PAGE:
April 20, 2021
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How To Break A University

The dictatorial and anti-academic attitude of the Vice Chancellor of Jamia Millia Islamia has neither attracted media attention nor elicited any discussion within the teaching community

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How To Break A University

While the half baked measure of Delhi University Vice Chancellor has attracted considerable scrutiny and criticism, the dictatorial and anti-academic attitude of the Vice Chancellor of Jamia Millia Islamia has neither attracted media attention nor has it elicited any discussion within the teaching community.

Ever since Mr Najeeb Jung has become the VC of Jamia, he has either suspended or terminated 25 employees of the University, 15 of them teachers and some very senior professors. This is an unprecedented number for any university and yet there is not even a hint of protest either within the campus or outside. In a recent question raised in the Rajya Sabha, the university admitted that since Mr Jung has taken over, 37 university employees have left the university, which includes some senior professors like Professor Radha Kumar, who did a remarkable job in establishing the Center for Peace and Conflict Resolution. No attempt was made to stop this flight of academic talent from the university. Rather one should say that conditions were created so as to make some professors leave the university. It will not be an exaggeration to say that the present VC is encouraging people to resign and quit because of an opaque system of leave rules that he is following. Thus while some favourite acolytes have been granted leave, other deserving candidates had either to resign or saw their academic mobility blocked.

Mr Jung has maintained his iron grip on the university by promoting factionalism between different departments and centres. Moreover, he has promoted ad-hocism in the University by not making permanent appointments for senior and important positions in the University. Thus the registrar, the dean of students, the finance officer, etc are all professors of the university without having any fixed term of office. Not having a tenured position, the officials of the University are hardly in a position to question him. Similarly, he has ensured that the Executive Committee of the University virtually acts as a rubber stamp legitimizing his whimsical and dictatorial rule. The lone dissenter within the EC, a historian of repute from Delhi University, has altogether stopped attending EC meetings due to the attitude of the Vice Chancellor.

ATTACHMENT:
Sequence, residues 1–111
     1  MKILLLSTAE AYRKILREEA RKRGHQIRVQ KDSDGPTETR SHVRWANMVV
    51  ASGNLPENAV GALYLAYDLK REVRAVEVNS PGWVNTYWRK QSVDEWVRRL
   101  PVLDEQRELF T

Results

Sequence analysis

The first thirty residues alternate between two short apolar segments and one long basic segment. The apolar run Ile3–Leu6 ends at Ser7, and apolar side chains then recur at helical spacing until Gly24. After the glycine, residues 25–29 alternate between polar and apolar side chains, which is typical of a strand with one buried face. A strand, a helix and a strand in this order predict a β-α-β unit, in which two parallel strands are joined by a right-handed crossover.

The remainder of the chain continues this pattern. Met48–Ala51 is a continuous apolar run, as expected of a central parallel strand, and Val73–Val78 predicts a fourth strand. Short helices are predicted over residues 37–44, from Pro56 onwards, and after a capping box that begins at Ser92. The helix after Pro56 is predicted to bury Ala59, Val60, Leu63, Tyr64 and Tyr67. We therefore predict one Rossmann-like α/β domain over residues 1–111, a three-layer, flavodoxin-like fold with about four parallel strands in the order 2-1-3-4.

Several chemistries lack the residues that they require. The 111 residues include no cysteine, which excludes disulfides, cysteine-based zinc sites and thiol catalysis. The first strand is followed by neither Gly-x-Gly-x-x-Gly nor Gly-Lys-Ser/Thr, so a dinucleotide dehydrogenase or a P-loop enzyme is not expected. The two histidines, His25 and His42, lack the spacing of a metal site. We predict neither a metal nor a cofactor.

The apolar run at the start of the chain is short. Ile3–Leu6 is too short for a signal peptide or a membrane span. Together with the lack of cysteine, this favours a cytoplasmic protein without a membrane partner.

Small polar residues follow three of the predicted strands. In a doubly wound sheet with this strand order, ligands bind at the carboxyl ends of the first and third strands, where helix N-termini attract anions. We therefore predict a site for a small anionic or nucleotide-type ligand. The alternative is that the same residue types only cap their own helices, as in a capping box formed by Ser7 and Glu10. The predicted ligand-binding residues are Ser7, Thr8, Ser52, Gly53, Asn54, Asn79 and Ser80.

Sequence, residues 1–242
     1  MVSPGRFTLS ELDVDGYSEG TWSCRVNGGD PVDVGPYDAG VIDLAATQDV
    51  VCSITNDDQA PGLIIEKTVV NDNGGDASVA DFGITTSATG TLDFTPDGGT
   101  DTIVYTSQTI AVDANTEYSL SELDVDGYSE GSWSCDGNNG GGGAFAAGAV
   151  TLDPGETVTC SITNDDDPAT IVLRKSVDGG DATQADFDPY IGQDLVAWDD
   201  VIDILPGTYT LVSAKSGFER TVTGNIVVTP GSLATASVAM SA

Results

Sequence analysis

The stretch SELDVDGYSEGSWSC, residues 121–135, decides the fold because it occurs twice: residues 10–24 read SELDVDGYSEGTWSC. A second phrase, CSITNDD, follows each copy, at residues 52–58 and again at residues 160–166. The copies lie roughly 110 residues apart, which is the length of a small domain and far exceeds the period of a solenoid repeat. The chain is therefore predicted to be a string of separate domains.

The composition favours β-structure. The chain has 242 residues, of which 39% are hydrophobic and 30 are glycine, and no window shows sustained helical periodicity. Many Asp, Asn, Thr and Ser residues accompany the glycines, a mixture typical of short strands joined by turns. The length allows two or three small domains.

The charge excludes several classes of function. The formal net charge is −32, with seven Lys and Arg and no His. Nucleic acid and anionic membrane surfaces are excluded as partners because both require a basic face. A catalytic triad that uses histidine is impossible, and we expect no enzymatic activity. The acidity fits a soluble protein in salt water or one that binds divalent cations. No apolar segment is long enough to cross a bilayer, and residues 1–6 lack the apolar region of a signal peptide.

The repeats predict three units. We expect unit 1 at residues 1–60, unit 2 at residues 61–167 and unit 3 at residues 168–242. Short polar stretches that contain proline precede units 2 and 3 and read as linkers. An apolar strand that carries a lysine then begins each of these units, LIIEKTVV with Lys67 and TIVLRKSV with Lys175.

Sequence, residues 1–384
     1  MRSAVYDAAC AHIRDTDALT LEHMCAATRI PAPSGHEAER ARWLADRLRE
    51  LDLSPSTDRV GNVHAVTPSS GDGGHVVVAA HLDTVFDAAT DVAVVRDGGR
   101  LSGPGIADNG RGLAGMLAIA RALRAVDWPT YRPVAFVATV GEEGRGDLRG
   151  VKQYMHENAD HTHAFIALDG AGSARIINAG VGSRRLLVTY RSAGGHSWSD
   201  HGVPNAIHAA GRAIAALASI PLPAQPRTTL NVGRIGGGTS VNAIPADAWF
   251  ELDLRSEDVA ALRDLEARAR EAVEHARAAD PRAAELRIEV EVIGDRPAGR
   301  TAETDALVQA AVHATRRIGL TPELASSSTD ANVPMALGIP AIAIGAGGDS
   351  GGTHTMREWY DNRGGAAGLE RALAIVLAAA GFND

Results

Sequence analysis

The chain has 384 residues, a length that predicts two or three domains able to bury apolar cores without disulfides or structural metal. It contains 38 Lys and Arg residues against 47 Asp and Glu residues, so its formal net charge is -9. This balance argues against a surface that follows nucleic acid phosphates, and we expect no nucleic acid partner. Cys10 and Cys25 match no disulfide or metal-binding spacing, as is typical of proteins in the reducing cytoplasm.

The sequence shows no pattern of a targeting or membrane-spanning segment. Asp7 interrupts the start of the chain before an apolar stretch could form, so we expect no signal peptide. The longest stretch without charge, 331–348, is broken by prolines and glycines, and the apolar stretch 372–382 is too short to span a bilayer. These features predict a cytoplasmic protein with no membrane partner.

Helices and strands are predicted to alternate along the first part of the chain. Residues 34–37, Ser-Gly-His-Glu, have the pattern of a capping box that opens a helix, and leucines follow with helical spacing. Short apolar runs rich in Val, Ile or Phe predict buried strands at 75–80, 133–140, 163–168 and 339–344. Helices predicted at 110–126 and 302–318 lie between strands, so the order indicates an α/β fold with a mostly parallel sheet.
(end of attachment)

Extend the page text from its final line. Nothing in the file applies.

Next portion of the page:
In cahoots with the most reactionary elements within the Muslim community, Mr Jung saw to it that Jamia become a minority institution. Post Sachar Committee Report, everyone knows that Muslims in India lag behind economically. But this VC, although he never stops claiming himself to be the champion of the Muslim cause, has gone ahead with one fee hike after another. All protests from the University students have been handled sternly and some of these students have been removed from the rolls of the University for daring to file RTI applications. Despite a High Court order directing the university to conduct student union elections, the university, under the express instructions of the VC, has so far not held any students’ elections but has rather devised an opaque system of student nominations. Without having a Union of their own, students are completely at the mercy of the administration and have nowhere to go.

While there is murmur within the Jamia teaching community, there is not even a hint of opposition from the elected teachers’ body, the Jamia Teachers’ Association (JTA). The character of the JTA has historically been a story of compromises. After being elected to Union offices, these teacher representatives have been known to lobby for their personal ends rather than fight for teachers’ rights. Thus the JTA so far has not even convened a single meeting to discuss the suspension/termination of so many teachers in the university. It was partly to stem this pathetic state of affairs that some teachers got together and decided to do political work under the Jamia Teachers’ Solidarity Association (JTSA). However, over the years a mutual accommodation of interest seems to have developed between some members of JTSA and the administration. Today the JTSA stands thoroughly compromised with not even a hint of dissent coming out from this group.

It is extremely sad but true that within Jamia, there has been a section of teaching community who claim to be progressive. Some of them are very closely associated with the dominant Indian left. It is astonishing, to say the least, that rather than mounting an effective challenge to this anti-teacher administration, their whole politics has revolved around getting close to the administration and be in its good books. As someone who taught in Jamia for six years, one is extremely pained to see that the so called left and progressive forces have remained mute and meek spectators to the brazenness of a Vice Chancellor who only has contempt for the teaching community.

Arshad Alam is Assistant Professor with the Center for the Study of Social Systems, JNU

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